In Scotland, GMB workers in the whisky industry will expect firm support from the Government to protect and promote their vital economic sector and the jobs they support. Yet GMB concerns raised for the future of the industry after Brexit have met with silence from the Government. Process jobs related to the industry are already disappearing, and yet we see no strategy or support from Government to ensure the industry has a positive future. The industry has always enjoyed reasonable support and protection from the EU in fighting its corner in past EU trade negotiations and we would expect the same and more from our own Government. GMB expects particular support and vigilance in any trade discussions with India and other parts of Asia where competition is a threat.
GMB wishes to see firm positions from Government in relation to countries who claim to meet market economy status conditions but have high levels of state intervention, and to see monitoring, enforcement and remedies provisions in place to deal with unfair competition from these sources.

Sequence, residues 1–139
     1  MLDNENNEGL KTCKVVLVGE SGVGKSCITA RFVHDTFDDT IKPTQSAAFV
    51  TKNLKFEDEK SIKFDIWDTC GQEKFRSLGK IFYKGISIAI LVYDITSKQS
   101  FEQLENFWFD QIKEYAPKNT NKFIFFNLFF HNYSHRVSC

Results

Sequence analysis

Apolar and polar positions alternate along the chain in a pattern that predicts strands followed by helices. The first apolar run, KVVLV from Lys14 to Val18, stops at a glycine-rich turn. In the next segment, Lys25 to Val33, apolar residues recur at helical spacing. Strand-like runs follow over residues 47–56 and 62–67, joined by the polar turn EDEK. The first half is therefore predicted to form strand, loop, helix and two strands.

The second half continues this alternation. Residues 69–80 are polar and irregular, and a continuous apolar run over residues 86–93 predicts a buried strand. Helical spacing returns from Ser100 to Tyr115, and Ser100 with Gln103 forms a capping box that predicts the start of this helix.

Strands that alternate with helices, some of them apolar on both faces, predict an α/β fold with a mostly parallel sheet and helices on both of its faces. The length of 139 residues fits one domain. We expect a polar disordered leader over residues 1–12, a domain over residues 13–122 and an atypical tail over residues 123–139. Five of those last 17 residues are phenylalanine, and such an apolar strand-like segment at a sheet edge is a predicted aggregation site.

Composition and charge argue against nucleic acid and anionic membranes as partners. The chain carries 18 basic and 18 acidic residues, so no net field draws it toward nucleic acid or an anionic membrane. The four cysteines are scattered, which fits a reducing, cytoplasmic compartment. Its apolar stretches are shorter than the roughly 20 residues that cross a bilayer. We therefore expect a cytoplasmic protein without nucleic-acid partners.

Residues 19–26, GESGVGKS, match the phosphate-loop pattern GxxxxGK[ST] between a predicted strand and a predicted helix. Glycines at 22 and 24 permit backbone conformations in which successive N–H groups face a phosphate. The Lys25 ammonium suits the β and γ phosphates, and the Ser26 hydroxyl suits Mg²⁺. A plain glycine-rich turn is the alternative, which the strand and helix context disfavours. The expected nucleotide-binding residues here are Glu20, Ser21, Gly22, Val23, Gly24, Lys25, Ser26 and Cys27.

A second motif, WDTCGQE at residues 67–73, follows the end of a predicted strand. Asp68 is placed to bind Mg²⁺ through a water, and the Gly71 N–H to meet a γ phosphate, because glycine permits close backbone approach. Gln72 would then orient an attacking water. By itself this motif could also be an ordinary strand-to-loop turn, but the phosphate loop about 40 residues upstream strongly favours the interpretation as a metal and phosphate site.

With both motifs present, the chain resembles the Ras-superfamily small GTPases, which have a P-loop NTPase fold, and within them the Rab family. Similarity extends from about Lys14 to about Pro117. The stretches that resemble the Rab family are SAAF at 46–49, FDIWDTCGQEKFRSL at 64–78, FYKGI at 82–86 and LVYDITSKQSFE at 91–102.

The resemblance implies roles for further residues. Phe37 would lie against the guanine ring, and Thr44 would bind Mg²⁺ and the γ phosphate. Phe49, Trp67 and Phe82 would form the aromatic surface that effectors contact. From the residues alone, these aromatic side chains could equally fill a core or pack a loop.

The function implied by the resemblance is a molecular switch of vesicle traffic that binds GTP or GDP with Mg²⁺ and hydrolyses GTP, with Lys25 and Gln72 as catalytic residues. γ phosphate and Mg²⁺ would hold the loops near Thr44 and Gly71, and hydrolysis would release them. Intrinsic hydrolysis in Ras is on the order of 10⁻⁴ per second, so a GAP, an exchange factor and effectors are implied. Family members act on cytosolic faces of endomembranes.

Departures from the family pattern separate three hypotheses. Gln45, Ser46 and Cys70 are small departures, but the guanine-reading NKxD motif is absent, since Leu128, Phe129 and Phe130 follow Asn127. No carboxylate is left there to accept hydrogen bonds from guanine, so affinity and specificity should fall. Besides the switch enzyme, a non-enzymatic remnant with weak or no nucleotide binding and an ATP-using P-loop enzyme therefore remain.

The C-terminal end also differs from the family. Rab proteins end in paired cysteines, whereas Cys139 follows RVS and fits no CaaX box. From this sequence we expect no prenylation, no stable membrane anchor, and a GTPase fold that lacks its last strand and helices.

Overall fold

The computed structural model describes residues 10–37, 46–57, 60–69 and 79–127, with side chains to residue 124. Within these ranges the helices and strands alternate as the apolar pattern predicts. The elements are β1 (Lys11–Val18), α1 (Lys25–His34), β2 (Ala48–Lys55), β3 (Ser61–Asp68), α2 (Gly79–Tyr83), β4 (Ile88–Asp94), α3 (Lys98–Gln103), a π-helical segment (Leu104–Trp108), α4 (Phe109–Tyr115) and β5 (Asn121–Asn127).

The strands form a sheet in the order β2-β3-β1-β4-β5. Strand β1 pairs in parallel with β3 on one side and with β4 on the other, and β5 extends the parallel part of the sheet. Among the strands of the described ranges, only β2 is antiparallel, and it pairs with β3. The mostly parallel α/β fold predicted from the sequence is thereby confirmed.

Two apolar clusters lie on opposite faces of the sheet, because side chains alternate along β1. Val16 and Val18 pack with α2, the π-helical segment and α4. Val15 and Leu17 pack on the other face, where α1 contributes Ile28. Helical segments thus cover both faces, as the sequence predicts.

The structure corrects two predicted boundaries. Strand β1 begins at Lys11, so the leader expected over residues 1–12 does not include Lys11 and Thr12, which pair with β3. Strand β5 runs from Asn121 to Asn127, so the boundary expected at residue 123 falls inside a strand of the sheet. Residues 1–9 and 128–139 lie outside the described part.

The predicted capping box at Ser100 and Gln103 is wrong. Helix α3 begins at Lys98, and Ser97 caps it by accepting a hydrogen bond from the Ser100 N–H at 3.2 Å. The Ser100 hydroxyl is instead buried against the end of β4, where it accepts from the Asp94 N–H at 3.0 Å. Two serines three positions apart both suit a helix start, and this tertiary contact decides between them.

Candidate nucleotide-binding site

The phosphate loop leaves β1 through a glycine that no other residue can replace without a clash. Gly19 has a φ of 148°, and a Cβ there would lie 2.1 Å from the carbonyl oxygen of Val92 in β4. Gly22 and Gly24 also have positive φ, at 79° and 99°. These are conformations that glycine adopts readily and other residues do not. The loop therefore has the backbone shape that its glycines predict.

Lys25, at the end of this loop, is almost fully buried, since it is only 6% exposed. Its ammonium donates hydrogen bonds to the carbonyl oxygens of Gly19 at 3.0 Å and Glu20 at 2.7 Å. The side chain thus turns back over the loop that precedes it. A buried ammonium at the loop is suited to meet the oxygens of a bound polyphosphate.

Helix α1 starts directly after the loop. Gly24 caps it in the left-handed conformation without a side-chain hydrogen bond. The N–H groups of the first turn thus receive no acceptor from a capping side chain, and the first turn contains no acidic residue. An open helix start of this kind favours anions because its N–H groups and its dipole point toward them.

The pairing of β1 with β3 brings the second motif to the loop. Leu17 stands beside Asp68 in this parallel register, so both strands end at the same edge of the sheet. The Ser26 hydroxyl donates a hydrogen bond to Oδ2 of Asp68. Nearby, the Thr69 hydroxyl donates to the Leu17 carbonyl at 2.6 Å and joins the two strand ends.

The government should at least meet the new EU methodology on anti-dumping rules and go beyond these to include wider scope to assess the jobs, social and environmental costs and impact in such actions. GMB has major concerns with the proposals for an economic interest test, which we fear will put undue focus on lower consumer prices to the detriment of impact on remedies. We want to see an approach that would help protect UK manufacturing and wider jobs, standards and environmental protection. We oppose this proposal.
The Government has a poor record at EU level in supporting dissuasive tariffs on countries found to be dumping products on UK and EU markets. In the recent steel crisis, the EU was prepared to set much higher tariff thresholds on China, and it was the UK Government that was instrumental in these penalty tariffs being lowered. GMB insists that the Government reviews its laissez-faire approach to trade, and ensures there are robust measures in place to counter unfair competition in future trade.